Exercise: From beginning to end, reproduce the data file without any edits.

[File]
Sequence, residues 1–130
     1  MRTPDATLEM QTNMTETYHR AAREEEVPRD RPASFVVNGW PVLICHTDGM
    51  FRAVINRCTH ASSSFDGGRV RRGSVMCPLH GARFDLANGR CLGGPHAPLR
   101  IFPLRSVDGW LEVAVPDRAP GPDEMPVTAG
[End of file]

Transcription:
Sequence, residues 1–130
     1  MRTPDATLEM QTNMTETYHR AAREEEVPRD RPASFVVNGW PVLICHTDGM
    51  FRAVINRCTH ASSSFDGGRV RRGSVMCPLH GARFDLANGR CLGGPHAPLR
   101  IFPLRSVDGW LEVAVPDRAP GPDEMPVTAG